Anderson Cooper admirably tries to pin down Hillary on why her behavior was acceptable for a Secretary of State but wouldn't be for a President. Hillary strangely decides to use a metaphor about smoke and fire that any other person would invoke to suggest her guilt.

COOPER: Why was it OK for the Clinton Foundation to accept foreign donations when you were secretary of state but it wouldn't be OK if you were president?

CLINTON: Well, what we did when I was secretary of state, as I said, went above and beyond anything that was required, anything that any charitable organization has to do. Now, obviously, if I am president, there will be some unique circumstances and that's why the foundation has laid out additional ...

COOPER: But didn't those unique circumstances exist when you were secretary of state?

CLINTON: ... if I am elected.

COOPER: Didn't those unique circumstances exist ...

CLINTON: No, no. And, you know, look, Anderson, I know there's a lot of smoke and there's no fire.


Apparently Hillary Clinton sold access to herself and the State Department while she was secretary.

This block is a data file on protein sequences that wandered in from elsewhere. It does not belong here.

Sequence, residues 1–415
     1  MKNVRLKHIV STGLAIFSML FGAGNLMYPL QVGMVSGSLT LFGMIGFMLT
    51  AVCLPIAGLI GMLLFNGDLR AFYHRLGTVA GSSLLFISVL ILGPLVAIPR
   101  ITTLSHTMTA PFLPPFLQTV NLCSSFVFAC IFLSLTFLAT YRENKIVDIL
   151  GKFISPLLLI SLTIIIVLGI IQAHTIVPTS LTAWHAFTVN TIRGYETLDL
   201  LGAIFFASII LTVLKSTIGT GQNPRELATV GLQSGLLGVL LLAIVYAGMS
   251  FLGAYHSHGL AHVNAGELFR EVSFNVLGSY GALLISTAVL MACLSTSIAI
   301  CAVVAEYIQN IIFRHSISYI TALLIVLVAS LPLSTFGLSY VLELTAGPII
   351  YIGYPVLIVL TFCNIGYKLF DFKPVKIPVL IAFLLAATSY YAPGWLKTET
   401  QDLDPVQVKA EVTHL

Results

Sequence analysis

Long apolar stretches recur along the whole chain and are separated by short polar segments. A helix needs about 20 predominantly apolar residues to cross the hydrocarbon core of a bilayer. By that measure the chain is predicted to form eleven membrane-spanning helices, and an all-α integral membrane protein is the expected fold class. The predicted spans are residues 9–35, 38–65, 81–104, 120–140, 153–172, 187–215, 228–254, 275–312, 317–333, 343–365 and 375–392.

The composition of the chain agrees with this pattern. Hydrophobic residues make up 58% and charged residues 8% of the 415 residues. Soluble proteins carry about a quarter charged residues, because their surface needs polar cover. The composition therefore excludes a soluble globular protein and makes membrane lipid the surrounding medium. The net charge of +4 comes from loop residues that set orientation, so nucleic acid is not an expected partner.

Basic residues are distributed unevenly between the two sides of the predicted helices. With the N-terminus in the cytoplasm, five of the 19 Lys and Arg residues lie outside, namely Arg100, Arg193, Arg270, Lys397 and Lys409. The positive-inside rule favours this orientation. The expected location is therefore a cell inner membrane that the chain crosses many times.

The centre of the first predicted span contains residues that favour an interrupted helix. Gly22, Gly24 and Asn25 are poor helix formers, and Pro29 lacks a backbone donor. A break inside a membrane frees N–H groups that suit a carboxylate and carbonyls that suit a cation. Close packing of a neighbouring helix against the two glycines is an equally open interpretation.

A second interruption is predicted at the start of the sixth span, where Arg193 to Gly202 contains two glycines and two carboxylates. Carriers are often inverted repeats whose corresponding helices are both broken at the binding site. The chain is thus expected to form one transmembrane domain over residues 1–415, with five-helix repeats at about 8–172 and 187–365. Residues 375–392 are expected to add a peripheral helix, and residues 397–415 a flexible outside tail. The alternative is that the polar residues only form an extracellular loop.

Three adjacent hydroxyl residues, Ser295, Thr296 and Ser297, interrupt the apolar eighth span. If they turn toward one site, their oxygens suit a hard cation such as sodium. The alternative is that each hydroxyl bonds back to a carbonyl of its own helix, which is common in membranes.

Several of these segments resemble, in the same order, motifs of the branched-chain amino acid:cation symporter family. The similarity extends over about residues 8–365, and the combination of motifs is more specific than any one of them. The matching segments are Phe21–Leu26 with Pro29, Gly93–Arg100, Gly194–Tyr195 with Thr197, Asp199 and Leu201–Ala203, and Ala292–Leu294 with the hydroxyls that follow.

At least 85 of 154 people from private interests who met or had phone conversations scheduled with Clinton while she led the State Department donated to her family charity or pledged commitments to its international programs, according to a review of State Department calendars released so far to The Associated Press. Combined, the 85 donors contributed as much as $156 million. At least 40 donated more than $100,000 each, and 20 gave more than $1 million. ...

The meetings between the Democratic presidential nominee and foundation donors do not appear to violate legal agreements Clinton and former president Bill Clinton signed before she joined the State Department in 2009. But the frequency of the overlaps shows the intermingling of access and donations, and fuels perceptions that giving the foundation money was a price of admission for face time with Clinton. Her calendars and emails released as recently as this week describe scores of contacts she and her top aides had with foundation donors.

Isn't it worse that these bribes didn't violate the agreements signed by the Clintons?